PR TECHNIQUE: Preparing second-tier executives for the spotlight

Though often a company's leading voice, a CEO isn't omnipresent. As such, other execs must be prepared to deliver the corporate message.

Though often a company's leading voice, a CEO isn't omnipresent. As such, other execs must be prepared to deliver the corporate message.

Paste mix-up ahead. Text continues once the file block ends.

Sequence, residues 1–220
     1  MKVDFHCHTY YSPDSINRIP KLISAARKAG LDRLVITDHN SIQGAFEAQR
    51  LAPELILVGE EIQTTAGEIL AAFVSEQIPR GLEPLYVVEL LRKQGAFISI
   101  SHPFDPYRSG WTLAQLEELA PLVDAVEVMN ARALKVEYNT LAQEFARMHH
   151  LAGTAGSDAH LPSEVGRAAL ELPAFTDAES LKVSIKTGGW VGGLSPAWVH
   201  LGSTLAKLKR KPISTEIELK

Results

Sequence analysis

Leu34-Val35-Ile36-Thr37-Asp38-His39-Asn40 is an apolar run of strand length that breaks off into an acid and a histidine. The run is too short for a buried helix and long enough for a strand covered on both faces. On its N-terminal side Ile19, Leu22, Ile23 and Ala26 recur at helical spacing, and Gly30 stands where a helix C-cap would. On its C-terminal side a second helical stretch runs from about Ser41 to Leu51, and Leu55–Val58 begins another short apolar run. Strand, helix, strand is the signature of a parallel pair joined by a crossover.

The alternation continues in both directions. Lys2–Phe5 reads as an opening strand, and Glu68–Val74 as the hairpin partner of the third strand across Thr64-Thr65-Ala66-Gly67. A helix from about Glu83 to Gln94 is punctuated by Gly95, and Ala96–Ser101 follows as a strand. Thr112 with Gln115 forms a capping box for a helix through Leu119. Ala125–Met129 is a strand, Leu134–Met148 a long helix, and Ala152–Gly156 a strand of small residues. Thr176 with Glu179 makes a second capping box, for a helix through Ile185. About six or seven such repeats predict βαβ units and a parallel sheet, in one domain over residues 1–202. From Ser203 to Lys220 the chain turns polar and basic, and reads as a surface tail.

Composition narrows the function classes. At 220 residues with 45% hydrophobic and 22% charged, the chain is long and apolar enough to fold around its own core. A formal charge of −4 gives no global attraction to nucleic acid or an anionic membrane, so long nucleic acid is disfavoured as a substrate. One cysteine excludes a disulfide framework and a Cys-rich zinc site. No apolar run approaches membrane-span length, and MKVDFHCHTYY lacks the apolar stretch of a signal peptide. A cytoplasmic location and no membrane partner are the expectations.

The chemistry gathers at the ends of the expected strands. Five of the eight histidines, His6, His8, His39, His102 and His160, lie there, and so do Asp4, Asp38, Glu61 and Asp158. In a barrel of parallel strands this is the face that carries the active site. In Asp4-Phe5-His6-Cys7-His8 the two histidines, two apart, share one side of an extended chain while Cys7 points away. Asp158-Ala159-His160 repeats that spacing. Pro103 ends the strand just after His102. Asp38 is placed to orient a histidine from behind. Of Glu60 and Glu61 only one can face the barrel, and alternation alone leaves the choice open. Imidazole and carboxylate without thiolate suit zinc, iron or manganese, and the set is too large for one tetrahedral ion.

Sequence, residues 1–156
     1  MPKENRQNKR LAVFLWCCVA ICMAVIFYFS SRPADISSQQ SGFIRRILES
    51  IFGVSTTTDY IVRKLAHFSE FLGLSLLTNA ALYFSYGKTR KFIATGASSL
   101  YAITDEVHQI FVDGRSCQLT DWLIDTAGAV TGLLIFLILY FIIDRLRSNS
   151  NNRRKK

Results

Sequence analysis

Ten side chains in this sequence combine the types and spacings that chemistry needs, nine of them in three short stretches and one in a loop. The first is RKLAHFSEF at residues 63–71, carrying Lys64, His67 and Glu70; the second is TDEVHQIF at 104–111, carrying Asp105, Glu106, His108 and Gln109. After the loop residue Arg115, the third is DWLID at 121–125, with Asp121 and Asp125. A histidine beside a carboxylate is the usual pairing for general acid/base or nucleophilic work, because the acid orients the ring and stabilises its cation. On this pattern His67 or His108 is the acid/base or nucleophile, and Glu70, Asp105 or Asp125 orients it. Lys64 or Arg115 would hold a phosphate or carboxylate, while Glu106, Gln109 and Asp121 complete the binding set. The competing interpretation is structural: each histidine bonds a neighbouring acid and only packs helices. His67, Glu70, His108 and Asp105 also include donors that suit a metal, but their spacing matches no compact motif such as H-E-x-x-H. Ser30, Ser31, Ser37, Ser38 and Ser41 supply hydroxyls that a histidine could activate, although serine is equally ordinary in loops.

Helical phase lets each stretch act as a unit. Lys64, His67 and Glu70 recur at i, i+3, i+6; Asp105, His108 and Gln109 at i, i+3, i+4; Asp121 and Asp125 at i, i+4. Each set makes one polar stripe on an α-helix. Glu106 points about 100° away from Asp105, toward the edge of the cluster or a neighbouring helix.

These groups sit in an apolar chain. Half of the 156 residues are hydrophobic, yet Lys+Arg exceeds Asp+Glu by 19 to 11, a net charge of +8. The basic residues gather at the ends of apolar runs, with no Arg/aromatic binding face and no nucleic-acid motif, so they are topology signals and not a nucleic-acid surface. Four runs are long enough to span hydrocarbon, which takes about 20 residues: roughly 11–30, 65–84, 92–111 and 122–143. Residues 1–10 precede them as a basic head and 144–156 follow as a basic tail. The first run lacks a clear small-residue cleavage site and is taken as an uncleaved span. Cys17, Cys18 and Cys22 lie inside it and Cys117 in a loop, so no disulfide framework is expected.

The CEO may be the top spokesperson in any company, but he or she can't be everywhere and know everything all the time. That's why people with less distinctive job titles should be ready to take the microphone. Training a stable of executives to deliver consistent messages may seem like an onerous task, but experts say it's worth the effort. PR pros list several reasons why companies should prepare second- and third-tier leaders for inevitable media interviews. Take geography. Atlanta-based HomeBanc Mortgage Corp. has branches throughout the Southeast, notes marketing VP Mark Scott. Local journalists don't always want to talk to the CEO. "Their readers aren't interested in what someone in Atlanta has to say," Scott says. "They want to talk to the highest-ranking exec in each city." CEOs don't have the time to respond to every request, and having them quoted too often risks overexposure. "I don't generally use the CEO unless it's for a Wall Street Journal interview or something like that," notes Steve Winston, PR director for Comforce, a staffing company. Vickee Adams, SVP/US director of Hill & Knowlton's media communications practice, notes some CEOs become more visible at quarterly earnings time, while companies may trot out junior execs mid-quarter. What's more, building a brand around one person can be fatal. "You can't and shouldn't ever hang the hat of an entire company on one individual. Take Martha Stewart," says Billee Howard, EVP of Weber Shandwick's corporate and executive positioning practice. Media training for lower-level executives should be part of a company's succession plans. "You are positioning executives who will have influence for decades to come," says Carol Ballock, MD for Burson-Marsteller's corporate financial practice. Interviews afford future C-suite occupants opportunities to gain recognition. Perhaps most importantly, having a cache of articulate, thoughtful spokespeople shows bench strength within an organization, experts agree. Preparing spokespeople to talk about a wide variety of subjects can be especially important for professional-service and consulting firms. A law firm WS represents has groomed numerous subject-matter experts. "We have about 20 different spokespeople highlighting all the different areas of expertise under the legal firm's umbrella," Howard says. PR professionals should consider several factors when selecting "laymen" within a company to train as spokespeople. "In general, you don't want to go below the director level," says Michael Bayer, MD of corporate communications for Financial Dynamics. Division directors and anyone with VP in their title may make good candidates. "Directors of product development or business development can be really effective spokespeople." Others agree tech directors or product managers may be best suited to handle interviews for trade or special-interest outlets. With those deeply involved in daily operations, however, media trainers must stress the importance of avoiding industry jargon, notes Comforce's Winston. John Baldoni, proprietor of Baldoni Consulting in Ann Arbor, MI, works with automotive companies and says engineers make great interviewees for enthusiast magazines. He takes them along to auto shows and finds them "very coachable." The biggest risk is engineers getting so wrapped up in warm conversations with journalists that they unnecessarily tell the whole story, including details about design problems that had to be fixed. Baldoni encourages them to focus on the positive and not delve into every mechanical challenge they had to overcome. Personality can count as much as a job title or expertise when selecting possible spokespeople. At HomeBanc, most field spokespeople rise up through the sales ranks and tend to be outgoing. "I don't want to train them so much that it sucks out their charisma," Scott says. "I've had reporters tell me before, 'I interviewed so and so and they were so media-trained, I could not use any of their quotes because it all sounded canned.'" Salespeople sometimes need a little extra training to learn what is and isn't news, Scott added. Some particularly driven employees may be tempted to use their media relations roles to raise their own profiles at the risk of the company's message. "We try to identify those people early on and either not let them do so many interviews or team them up with somebody," Bayer notes. The corporate communications department's job doesn't end with identifying and training internal spokespeople. Maintaining a stable of executive speakers may actually require more hands-on management than if the press office handled all the media calls itself. An effective, integrated communications program requires coordination so the right spokespeople are matched with the right reporters. Burson is one agency that conducts extensive media training for executives, and WS' Howard says including a variety of executives in planning and training sessions brings broader perspective to a company's messaging platforms. Ideally, all execs will be well-versed in a company's vision, with their individual specialties making up key parts of the larger pie. "The best integrated program has certain executives who own certain messages and target certain audiences," Ballock says. "With a program like that, there is no battling for the podium." Many corporate communications managers and agency personnel encourage or require executives to contact PR pros before interviews. "My preference has always been to be with my clients when they are interviewed," says Dale Erquiaga, VP of brand services for R&R Partners in Las Vegas. Others note that in a crisis, PR staff and top executives may not be able to get to remote sites before reporters start knocking on the doors. "Corporate communications needs to appreciate that they aren't always going to get the call first," notes Fran Stern, SVP for media training at Edelman. In such cases, store or plant managers need to be prepared to handle interviews on their own. The biggest challenge in coaching executives for speaking parts may be convincing them that media training is necessary. "It's not something you do in addition to your day job. It is your day job, it's integrated into that," says Ballack. "There's nothing like having it part of their performance criteria to make them realize it's part of the job." ----- Technique tips Do include executives down to the VP/director level in executive communications programs Do use media training and speaking opportunities to position executives who will be future company leaders Do turn to product-line directors and tech managers for specialized trade publication interviews Don't hang the company's brand on just one or two high-level spokespeople Don't assume that an individual is articulate simply on the basis that he or she has a high-ranking job title Don't return a media call without identifying the best spokesperson to respond